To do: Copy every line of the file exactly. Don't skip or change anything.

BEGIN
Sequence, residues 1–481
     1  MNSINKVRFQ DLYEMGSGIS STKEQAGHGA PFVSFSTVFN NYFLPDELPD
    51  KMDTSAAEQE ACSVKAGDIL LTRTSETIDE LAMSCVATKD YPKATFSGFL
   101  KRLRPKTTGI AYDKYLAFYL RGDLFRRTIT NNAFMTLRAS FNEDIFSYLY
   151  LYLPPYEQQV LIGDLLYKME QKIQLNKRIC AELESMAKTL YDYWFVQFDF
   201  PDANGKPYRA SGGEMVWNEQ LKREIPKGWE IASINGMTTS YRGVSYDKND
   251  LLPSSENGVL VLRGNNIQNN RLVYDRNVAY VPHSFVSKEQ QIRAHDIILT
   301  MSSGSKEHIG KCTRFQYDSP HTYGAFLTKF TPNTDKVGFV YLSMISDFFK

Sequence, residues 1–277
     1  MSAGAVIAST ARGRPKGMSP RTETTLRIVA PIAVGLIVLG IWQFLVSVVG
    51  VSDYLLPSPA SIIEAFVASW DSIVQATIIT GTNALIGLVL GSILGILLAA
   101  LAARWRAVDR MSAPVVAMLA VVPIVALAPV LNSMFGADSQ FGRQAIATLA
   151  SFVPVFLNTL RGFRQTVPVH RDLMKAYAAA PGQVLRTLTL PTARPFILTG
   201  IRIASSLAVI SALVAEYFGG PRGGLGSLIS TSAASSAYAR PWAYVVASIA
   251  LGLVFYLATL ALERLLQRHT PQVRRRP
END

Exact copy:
Sequence, residues 1–481
     1  MNSINKVRFQ DLYEMGSGIS STKEQAGHGA PFVSFSTVFN NYFLPDELPD
    51  KMDTSAAEQE ACSVKAGDIL LTRTSETIDE LAMSCVATKD YPKATFSGFL
   101  KRLRPKTTGI AYDKYLAFYL RGDLFRRTIT NNAFMTLRAS FNEDIFSYLY
   151  LYLPPYEQQV LIGDLLYKME QKIQLNKRIC AELESMAKTL YDYWFVQFDF
   201  PDANGKPYRA SGGEMVWNEQ LKREIPKGWE IASINGMTTS YRGVSYDKND
   251  LLPSSENGVL VLRGNNIQNN RLVYDRNVAY VPHSFVSKEQ QIRAHDIILT
   301  MSSGSKEHIG KCTRFQYDSP HTYGAFLTKF TPNTDKVGFV YLSMISDFFK

Sequence, residues 1–277
     1  MSAGAVIAST ARGRPKGMSP RTETTLRIVA PIAVGLIVLG IWQFLVSVVG
    51  VSDYLLPSPA SIIEAFVASW DSIVQATIIT GTNALIGLVL GSILGILLAA
   101  LAARWRAVDR MSAPVVAMLA VVPIVALAPV LNSMFGADSQ FGRQAIATLA
   151  SFVPVFLNTL RGFRQTVPVH RDLMKAYAAA PGQVLRTLTL PTARPFILTG
   201  IRIASSLAVI SALVAEYFGG PRGGLGSLIS TSAASSAYAR PWAYVVASIA
   251  LGLVFYLATL ALERLLQRHT PQVRRRP